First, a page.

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  1. I share Bob Michel’s attitude that playing around in an effort to overcome the inevitable limitations of our instrument is all very much part of the fun !
  2. Perhaps this suggests that Jim Besser’s Concertina is simply not an appropriate instrument to be a component of “ A very loud band with brass, drums and electric guitar “.
  3. One of the vivid memories of my Second World War childhood was the amount of whistling of the popular tunes of the day, by all and sundry as they went about their business in public places. I don’t suppose the lyrics of these songs always bore any particular relevance to the war, and modern technology seems now to have largely confined such cheery performers ( some more accomplished than others ! ) to history.
  4. Is anyone going to volunteer to extend this topic to include songs of the Second World War ?
  5. No connection. The history of Shire Concertinas is well documented on this website.
  6. My ‘Shire’ Anglo is identified by stamping ?/ engraving?/ etching ? In the space on the left hand grill which mirrors the position of the air button on the right hand grill.
  7. He’s a multi-instrumentalist. He’s going to play it.
  8. Riton must give serious consideration to treating himself to an Anglo with at least 30 buttons.
  9. I would be concerned that over-exercising stff bellows might introduce stress in the leather. I would apply a good quality, fresh, leather/shoe cream to the folds and gussets, allow it time to penetrate, and only then embark upon some gentle exercise of the bellows.
  10. Dave & John, As just another old fogey on the verge of 80 you both say it all. Long live nostalgia !
  11. Over a period of more thirty five years I have built up a very considerable fund of very satisfactory Anglo chords based purely on the strength of trial and error. All good fun ...with no reference to the musical theory of it all. Once embedded in my head they have become instinctively readily available as required.
  12. Ideal affordable introduction for a complete novice. That’s how I got started.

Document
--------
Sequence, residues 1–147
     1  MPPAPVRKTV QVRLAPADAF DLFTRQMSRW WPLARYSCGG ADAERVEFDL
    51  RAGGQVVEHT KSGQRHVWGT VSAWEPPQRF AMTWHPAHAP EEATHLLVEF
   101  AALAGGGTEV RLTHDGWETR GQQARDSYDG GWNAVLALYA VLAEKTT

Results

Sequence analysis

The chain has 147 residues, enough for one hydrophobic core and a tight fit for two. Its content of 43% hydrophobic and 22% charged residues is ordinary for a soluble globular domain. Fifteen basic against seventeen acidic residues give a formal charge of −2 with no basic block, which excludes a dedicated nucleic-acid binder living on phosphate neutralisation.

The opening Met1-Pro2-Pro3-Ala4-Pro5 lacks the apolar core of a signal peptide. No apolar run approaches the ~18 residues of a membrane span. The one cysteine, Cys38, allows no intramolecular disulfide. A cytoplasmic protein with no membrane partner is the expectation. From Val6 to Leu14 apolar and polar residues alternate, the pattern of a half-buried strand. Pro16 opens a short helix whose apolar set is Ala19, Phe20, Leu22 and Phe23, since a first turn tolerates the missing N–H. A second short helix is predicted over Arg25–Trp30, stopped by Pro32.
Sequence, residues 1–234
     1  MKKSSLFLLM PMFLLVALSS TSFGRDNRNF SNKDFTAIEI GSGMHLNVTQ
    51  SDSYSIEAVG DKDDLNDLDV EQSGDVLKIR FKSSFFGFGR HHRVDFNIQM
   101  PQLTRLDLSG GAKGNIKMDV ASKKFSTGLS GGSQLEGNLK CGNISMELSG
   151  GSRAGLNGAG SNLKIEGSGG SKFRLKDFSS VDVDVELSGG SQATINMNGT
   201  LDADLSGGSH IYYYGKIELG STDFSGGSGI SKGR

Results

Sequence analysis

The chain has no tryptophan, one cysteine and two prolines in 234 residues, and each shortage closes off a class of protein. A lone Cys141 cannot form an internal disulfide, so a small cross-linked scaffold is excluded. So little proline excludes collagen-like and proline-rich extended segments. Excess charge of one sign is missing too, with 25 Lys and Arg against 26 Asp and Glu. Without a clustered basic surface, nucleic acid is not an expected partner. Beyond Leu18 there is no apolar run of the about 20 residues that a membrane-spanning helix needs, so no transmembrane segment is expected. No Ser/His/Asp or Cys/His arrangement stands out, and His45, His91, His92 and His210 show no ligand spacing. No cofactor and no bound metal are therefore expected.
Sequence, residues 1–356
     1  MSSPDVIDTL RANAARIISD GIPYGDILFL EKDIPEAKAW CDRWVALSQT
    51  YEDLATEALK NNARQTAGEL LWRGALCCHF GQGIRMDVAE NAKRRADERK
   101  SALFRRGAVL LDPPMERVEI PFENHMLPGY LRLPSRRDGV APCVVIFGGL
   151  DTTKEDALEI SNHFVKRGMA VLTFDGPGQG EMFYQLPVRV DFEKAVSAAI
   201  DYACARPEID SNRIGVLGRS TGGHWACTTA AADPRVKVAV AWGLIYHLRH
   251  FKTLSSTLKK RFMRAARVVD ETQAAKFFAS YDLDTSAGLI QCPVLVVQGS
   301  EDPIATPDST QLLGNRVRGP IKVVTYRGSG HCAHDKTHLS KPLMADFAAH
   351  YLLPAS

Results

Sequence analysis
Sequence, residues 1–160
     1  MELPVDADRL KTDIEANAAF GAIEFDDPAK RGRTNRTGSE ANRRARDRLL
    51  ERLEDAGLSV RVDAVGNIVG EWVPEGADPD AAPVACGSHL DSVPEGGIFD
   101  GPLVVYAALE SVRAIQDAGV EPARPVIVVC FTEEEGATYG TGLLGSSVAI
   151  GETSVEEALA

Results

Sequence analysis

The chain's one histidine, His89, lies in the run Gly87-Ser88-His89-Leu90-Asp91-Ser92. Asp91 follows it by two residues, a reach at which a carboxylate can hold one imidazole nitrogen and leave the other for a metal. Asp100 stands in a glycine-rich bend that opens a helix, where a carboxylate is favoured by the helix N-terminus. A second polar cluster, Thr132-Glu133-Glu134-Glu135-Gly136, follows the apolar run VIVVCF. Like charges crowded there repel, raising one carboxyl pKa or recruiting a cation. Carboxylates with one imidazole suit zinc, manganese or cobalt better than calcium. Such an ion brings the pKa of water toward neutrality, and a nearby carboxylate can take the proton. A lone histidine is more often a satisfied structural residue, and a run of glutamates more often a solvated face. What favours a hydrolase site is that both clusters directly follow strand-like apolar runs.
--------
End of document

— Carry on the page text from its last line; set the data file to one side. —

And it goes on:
13. Mike, “harpomatic”, My brief message posted earlier today appears to have caused a little confusion for which I should apologise. I can now see how that came about. I am very grateful to you for taking so much trouble to produce such a thorough and fascinating reply. Just what I had been hoping for. My total experience has been restricted entirely to a steel reeded instrument with which I have always been entirely happy, but I had always been just a little curious to know how it might have behaved, and how well I might have been any happier, if at all, were it to have been originally fitted with brass reeds. I had got the impression that steel reeds were probably preferred by those who were anxious to generate greater volume, but I do not inhabit that sort of world. I have no wish whatsoever to ‘ perform’. I only ever wish to play the instrument solo for my own pleasure and satisfaction and I have no problems falling well and truly into the category which you so delightfully describe as ‘ whisper level, which can be satisfactorily played next to someone sleeping without waking them up.’ No problem whatsoever with my steel reeded instrument ! All the best, Rod
  14. David, Perhaps you could elaborate by describing and comparing your experiences with both brass and steel reeds.
  15. Thanks Alex. The weight of the buttons is probably of little significance to those of us who always play seated....but I only have experience of the one instrument.
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